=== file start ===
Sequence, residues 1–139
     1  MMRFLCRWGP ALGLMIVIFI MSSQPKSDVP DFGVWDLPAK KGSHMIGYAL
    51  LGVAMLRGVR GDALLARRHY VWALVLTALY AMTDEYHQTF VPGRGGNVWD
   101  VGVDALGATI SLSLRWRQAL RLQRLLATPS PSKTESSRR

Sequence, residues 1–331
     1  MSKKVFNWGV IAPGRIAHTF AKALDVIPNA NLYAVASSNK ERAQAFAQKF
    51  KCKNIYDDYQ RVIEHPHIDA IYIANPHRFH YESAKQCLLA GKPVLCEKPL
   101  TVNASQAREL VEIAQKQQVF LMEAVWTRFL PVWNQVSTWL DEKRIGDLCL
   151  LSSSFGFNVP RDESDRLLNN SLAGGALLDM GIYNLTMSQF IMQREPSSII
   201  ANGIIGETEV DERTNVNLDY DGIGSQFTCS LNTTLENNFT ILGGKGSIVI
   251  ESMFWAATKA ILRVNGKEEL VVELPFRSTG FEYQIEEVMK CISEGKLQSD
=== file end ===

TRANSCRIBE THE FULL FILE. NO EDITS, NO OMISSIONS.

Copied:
Sequence, residues 1–139
     1  MMRFLCRWGP ALGLMIVIFI MSSQPKSDVP DFGVWDLPAK KGSHMIGYAL
    51  LGVAMLRGVR GDALLARRHY VWALVLTALY AMTDEYHQTF VPGRGGNVWD
   101  VGVDALGATI SLSLRWRQAL RLQRLLATPS PSKTESSRR

Sequence, residues 1–331
     1  MSKKVFNWGV IAPGRIAHTF AKALDVIPNA NLYAVASSNK ERAQAFAQKF
    51  KCKNIYDDYQ RVIEHPHIDA IYIANPHRFH YESAKQCLLA GKPVLCEKPL
   101  TVNASQAREL VEIAQKQQVF LMEAVWTRFL PVWNQVSTWL DEKRIGDLCL
   151  LSSSFGFNVP RDESDRLLNN SLAGGALLDM GIYNLTMSQF IMQREPSSII
   201  ANGIIGETEV DERTNVNLDY DGIGSQFTCS LNTTLENNFT ILGGKGSIVI
   251  ESMFWAATKA ILRVNGKEEL VVELPFRSTG FEYQIEEVMK CISEGKLQSD